If you’re driving nails into a material where expansion and contraction is an issue (such as with subfloors, or where fasteners are exposed to the changing elements), you’ll want ring shank nails. Ring shank nails are great for surfaces exposed to high winds that might pull out a common nail. They’re ideally suited for softer woods that might otherwise split when nailed.

    Applications: Siding, Roof Decking, Asphalt Shingles, Underlayment, Subfloors (See Installing Subfloors: Nails Vs. Screws.) 

    Another example of nail shanks, the ring shank nail

    Screw Shank Nails

    Screw shank nails combine the benefits of a nail with those of a screw. You get the ease of drive that a nail offers, and approximately the same holding power as that of a screw. The thread forces the nail to turn as it’s driven, essentially forging its own thread in the wood. As with ring shank nails, the threads create a locking effect that makes the nail more difficult to remove.

    This type of nail takes more force to drive than both smooth and ring shank nails, but provides greater pull-through resistance than either. While ring nails are more suitable for softer wood species, screw shank nails are ideal for hardwoods. A longer, more complex manufacturing process (and increased holding power) means that screw shank nails are generally more expensive than smooth and ring shank nails too.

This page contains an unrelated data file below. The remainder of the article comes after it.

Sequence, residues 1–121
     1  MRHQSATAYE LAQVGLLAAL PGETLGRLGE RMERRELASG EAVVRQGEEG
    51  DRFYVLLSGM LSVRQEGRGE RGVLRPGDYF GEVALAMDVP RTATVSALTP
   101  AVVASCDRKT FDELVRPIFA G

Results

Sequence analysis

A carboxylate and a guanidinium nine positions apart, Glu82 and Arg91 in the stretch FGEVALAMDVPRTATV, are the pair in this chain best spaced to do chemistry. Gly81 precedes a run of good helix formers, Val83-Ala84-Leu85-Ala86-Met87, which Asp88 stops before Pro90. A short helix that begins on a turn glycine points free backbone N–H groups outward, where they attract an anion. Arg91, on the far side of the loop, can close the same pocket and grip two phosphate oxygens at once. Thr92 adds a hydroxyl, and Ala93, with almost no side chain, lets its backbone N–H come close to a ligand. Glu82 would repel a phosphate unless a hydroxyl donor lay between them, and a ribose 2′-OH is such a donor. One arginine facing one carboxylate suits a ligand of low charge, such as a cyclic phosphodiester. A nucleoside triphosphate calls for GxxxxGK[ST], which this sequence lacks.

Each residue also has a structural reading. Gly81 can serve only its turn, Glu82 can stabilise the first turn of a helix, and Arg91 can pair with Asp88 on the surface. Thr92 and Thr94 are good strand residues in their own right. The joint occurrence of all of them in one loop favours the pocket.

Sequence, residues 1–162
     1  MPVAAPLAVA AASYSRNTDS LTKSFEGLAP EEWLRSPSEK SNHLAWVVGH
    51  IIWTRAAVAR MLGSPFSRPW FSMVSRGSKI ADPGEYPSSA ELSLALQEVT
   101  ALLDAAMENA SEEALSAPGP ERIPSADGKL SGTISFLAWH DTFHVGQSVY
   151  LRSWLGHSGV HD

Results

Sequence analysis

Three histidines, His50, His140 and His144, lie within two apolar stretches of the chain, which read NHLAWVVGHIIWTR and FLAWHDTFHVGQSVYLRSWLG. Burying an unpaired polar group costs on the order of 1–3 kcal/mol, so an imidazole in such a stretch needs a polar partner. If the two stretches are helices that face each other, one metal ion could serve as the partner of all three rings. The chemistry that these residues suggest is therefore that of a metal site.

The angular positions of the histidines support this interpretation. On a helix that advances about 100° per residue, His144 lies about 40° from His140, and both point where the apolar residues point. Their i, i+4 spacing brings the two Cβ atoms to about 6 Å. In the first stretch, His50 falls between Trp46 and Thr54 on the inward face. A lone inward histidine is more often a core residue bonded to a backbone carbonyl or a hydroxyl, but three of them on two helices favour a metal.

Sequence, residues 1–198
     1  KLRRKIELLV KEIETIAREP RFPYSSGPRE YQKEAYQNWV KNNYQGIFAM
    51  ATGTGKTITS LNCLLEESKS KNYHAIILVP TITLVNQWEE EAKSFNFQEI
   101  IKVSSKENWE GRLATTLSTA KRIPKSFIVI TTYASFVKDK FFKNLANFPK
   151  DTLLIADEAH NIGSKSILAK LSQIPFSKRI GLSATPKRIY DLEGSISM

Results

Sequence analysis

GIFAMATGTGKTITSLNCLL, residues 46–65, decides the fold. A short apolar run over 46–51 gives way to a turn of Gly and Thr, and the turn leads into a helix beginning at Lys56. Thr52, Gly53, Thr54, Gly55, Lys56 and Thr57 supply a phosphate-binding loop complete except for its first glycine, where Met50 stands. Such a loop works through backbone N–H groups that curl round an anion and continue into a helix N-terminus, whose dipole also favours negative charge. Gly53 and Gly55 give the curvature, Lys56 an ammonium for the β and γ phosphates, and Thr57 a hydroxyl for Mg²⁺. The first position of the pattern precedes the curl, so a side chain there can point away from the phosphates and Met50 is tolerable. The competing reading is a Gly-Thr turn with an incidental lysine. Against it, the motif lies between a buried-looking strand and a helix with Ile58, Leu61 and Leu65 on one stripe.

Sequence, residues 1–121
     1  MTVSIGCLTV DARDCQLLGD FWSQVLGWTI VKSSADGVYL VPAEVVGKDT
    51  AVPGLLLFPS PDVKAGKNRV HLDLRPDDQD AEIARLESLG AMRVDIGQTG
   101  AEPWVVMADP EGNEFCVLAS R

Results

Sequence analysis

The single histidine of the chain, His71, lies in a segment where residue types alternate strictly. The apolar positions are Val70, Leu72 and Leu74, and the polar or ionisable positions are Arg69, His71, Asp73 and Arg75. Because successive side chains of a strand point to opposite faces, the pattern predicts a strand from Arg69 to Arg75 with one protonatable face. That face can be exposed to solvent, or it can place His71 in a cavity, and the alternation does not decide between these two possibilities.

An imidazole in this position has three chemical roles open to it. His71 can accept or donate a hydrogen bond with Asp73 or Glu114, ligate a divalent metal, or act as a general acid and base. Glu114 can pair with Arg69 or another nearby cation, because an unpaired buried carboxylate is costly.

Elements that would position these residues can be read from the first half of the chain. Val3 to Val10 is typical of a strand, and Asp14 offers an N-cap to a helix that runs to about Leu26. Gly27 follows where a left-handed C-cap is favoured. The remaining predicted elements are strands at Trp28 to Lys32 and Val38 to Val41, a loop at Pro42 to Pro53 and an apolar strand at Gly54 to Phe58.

Applications: Decking, Flooring, Pallet Assembly, Siding, Fencing, Framing, Sheathing

    Simpson Strong Tie Nails With Screw Shanks

    Helical & Other Nail Shanks

    Specifically designed for use with hard yet brittle materials, such as concrete or brick, masonry nails are hardened to prevent bending or breaking when they’re driven. Rather than a threading, as with ring and screw shank nails, fluted shank nails feature linear grooves that allow them to be easily driven without breaking apart the concrete. You may also see the term helical nails, which are also used for concrete and steel. 

    Applications: Furring, Floor Plates, Drywall Track To Concrete, Steel Beams

    There are other specialty types of nail shank, such as barbed shank, helical threaded shank, stepped-shank, knurled shank, and others—each designed for specialized applications. To further sharpen your nail knowledge, read more about nail components.

     


     

    Shop Nail Gun Depot:

    All Collated Gun Nails

    Coil Framing Nails

    Plastic Strip Framing Nails

    Paper Stick Framing Nails

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  • 10 Surprising Facts About Wood